3.4.7.2 Jesus Christ–the Priest

The foremost tasks of the priests in the old covenant included bringing sacrifices to God, instructing the people in the law, and ruling on difficult legal issues and all questions pertaining to ritual purity. The high priest's task was to bring his own sins, the sins of the priests, and the sins of the people before God. For this purpose he would enter the Most Holy Place once each year on the Day of Atonement (Yom Kippur). Here he would act on behalf of the people, and serve as the link between God and the people of Israel.

With a view to the priesthood of the old covenant and the offerings sacrificed in the temple, the epistle to the Hebrews states: "[they] serve the copy and shadow of the heavenly things" (Hebrews 8: 5). In light of the gospel, it becomes evident that the Old Testament priesthood was only provisional, "for the law made nothing perfect" (Hebrews 7: 19).

In the incarnation of the Son of God, a priesthood that exceeds all other priesthoods becomes manifest. Jesus Christ is not simply another high priest in the long line of Israel's high priests. Rather, in Jesus Christ there appears a High Priest upon whom the redemption of the world is founded: God Himself overcomes the abyss of sin and reconciles the world to Himself in Jesus Christ. No other priesthood can achieve this. Thus Jesus Christ is the eternal High Priest: "But He, because He continues forever, has an unchangeable priesthood. Therefore He is also able to save to the uttermost those who come to God through Him, since He always lives to make intercession for them" (Hebrews 7: 24-25).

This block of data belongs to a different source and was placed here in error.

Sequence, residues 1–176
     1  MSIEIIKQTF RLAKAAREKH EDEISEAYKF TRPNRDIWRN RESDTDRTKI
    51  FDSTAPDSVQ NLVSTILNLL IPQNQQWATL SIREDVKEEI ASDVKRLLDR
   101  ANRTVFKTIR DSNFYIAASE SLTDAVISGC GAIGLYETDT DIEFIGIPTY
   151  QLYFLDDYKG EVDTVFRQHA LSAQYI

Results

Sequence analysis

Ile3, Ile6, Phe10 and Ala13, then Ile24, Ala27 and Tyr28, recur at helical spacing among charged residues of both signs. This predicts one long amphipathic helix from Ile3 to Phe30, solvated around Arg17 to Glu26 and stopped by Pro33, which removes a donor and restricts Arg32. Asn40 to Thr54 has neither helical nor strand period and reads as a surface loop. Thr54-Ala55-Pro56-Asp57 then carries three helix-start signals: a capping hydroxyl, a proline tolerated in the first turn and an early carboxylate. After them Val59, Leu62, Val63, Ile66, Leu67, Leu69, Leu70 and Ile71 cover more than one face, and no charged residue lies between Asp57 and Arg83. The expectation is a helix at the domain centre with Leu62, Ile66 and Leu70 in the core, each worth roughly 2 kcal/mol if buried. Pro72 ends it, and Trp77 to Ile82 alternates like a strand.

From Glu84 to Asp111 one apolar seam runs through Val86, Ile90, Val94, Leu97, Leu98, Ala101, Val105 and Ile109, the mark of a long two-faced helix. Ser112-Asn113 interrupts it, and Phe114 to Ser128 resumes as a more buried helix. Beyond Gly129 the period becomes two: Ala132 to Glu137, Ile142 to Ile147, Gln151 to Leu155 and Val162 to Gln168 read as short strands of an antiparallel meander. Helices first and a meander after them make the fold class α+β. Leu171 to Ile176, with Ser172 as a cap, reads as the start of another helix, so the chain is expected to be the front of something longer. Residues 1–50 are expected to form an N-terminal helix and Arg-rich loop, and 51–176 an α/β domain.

Unlike the high priests of the old covenant, Jesus Christ is not in need of reconciliation with God. He Himself is the Reconciler. He not only gives testimony of His encounter with God–in Him man and God are inseparably united.

God's loving care of the world is clearly revealed in the priesthood of Jesus Christ. In Him mankind has access to God's salvation.

The epistle to the Hebrews gives an account of Christ's high priestly ministry as the propitiation for the sins of the people (Hebrews 2: 17). In Jesus Christ, the eternal High Priest, the certainty of the forgiveness of sins and the promise of eternal life are assured.

In Hebrews 3: 1 we read: "Consider the Apostle and High Priest of our confession, Christ Jesus." On the one hand, Jesus Christ surpasses the service of the Old Testament high priests because He is the true High Priest, and on the other hand He is also the prerequisite for the Apostles' activity in the new covenant. The content of apostolic ministry becomes clear in 2 Corinthians 5: 20: "We implore you on Christ's behalf, be reconciled to God."

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